In an age of sloppy console ports, Battlefield 3 is a huge relief for PC gamers. Not only is the PC a “lead platform” for DICE’s flagship modern shooter, but we’re getting all the good stuff: 64-player maps? You won’t find ‘em on a console. DirectX 11 graphics? Only on a PC, Sparky. Indeed, Battlefield 3’s Frostbite 2 engine brings fully destructible environments, ambient occlusion, MLAA, and full DX11 support—and it reaches its full potential only on the PC. But with great power comes great power requirements: DICE’s minimum recommended GPU is a GeForce GTX 560 or AMD Radeon HD 6950, and performance scales up from there. That means a lot of us are going to have to go get new videocards—or a whole new rig.
Any Neanderthal can slap together a $3,000 box and play Battlefield 3 like a dream, but that’s out of reach for most people. So we decided to build a machine that can play BF3 as nature intended—at 1920x1200 resolution, with all settings at Ultra—and do it for less than $1,600.
Before Rage was released there were a lot of unanswered questions floating around. Could Id make another genre-defining shooter? Would the six-plus years of development and the much-touted Id Tech 5 engine yield a sufficiently impressive result? While these are certainly appropriate questions for both reviewers and gamers to be curious about, we found ourselves haunted by another, seemingly trivial, question: What does the title Rage mean? Only after playing completely through could we truly understand.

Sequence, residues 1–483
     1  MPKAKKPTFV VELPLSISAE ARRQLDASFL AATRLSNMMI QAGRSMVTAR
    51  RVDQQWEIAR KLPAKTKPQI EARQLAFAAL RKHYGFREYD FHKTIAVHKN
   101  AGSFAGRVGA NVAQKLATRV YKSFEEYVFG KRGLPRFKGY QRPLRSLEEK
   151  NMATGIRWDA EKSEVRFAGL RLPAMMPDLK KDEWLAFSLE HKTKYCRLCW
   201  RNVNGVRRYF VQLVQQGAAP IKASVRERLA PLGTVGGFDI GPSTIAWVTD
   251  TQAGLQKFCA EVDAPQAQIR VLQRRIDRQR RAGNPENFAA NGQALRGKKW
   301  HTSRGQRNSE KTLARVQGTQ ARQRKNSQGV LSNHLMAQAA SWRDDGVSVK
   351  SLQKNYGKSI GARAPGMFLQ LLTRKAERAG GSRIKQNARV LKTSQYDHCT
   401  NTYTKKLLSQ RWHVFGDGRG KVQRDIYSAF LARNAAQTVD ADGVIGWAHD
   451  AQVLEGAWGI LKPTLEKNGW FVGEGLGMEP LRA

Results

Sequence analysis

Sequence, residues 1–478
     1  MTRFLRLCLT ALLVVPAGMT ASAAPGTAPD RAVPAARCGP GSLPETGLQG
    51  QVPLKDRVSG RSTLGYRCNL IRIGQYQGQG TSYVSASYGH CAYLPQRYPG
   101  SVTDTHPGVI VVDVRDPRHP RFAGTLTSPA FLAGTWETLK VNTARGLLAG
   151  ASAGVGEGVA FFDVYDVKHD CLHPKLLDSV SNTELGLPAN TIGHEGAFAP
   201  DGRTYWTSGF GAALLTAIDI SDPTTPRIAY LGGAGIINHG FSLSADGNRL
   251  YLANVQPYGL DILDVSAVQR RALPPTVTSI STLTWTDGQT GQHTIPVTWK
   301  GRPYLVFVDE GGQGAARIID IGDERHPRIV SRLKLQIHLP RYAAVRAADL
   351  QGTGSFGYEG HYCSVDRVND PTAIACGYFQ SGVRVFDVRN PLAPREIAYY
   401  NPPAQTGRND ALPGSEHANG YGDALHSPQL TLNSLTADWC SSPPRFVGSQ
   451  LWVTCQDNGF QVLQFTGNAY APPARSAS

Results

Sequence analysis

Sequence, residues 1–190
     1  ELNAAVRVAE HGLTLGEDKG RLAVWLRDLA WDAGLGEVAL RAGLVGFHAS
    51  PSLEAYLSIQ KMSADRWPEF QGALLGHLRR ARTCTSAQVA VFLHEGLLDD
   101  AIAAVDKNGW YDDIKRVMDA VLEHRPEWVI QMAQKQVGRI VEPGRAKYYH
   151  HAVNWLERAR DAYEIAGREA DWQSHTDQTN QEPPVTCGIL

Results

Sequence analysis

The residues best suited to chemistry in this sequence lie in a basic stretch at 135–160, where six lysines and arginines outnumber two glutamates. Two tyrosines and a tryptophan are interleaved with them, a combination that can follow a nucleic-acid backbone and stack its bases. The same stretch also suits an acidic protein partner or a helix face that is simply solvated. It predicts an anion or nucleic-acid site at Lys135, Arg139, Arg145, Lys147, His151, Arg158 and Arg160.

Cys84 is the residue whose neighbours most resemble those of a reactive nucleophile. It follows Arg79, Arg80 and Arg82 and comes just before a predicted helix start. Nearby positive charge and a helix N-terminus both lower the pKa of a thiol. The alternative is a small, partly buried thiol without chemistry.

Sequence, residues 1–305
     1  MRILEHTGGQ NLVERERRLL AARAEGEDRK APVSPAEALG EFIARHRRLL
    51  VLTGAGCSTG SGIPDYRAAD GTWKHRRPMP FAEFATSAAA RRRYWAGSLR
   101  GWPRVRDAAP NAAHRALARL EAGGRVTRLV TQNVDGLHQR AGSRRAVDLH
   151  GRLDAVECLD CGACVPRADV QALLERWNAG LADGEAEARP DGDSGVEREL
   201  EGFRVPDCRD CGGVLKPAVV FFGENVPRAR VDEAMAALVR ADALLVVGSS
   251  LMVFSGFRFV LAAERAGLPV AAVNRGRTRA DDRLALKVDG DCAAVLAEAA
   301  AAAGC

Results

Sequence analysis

My December column defending Diablo III’s always-on DRM generated as much hostility as anything I wrote since I called Doom III a hollow, clichéd piece of garbage. The responses were a mixture of insults and reasonable commentary (mostly insults), with complaints falling into three categories.
Not many of us could convince our bosses that we’re most efficient when working slowly. But then, we aren’t microprocessors. For decades, researchers have known that processors achieve peak energy efficiency when their transistors operate at very low voltages near the threshold between their on and off states.
The technology is called near-threshold voltage (NTV) computing and it could be Intel's trump card in the power saving game.
It’s easy to become jaded when you review as much cutting-edge hardware as we do. We try not to be curmudgeons, but we do get grumpy when next-gen hardware fails to make a leap in performance—or worse, when it falls behind the gear it’s intended to supplant. So we’re happy to report that benchmarking Netgear’s new WNDR4500 left us grinning from ear to ear. This is the fastest router we’ve ever tested, and it’s packed with new features.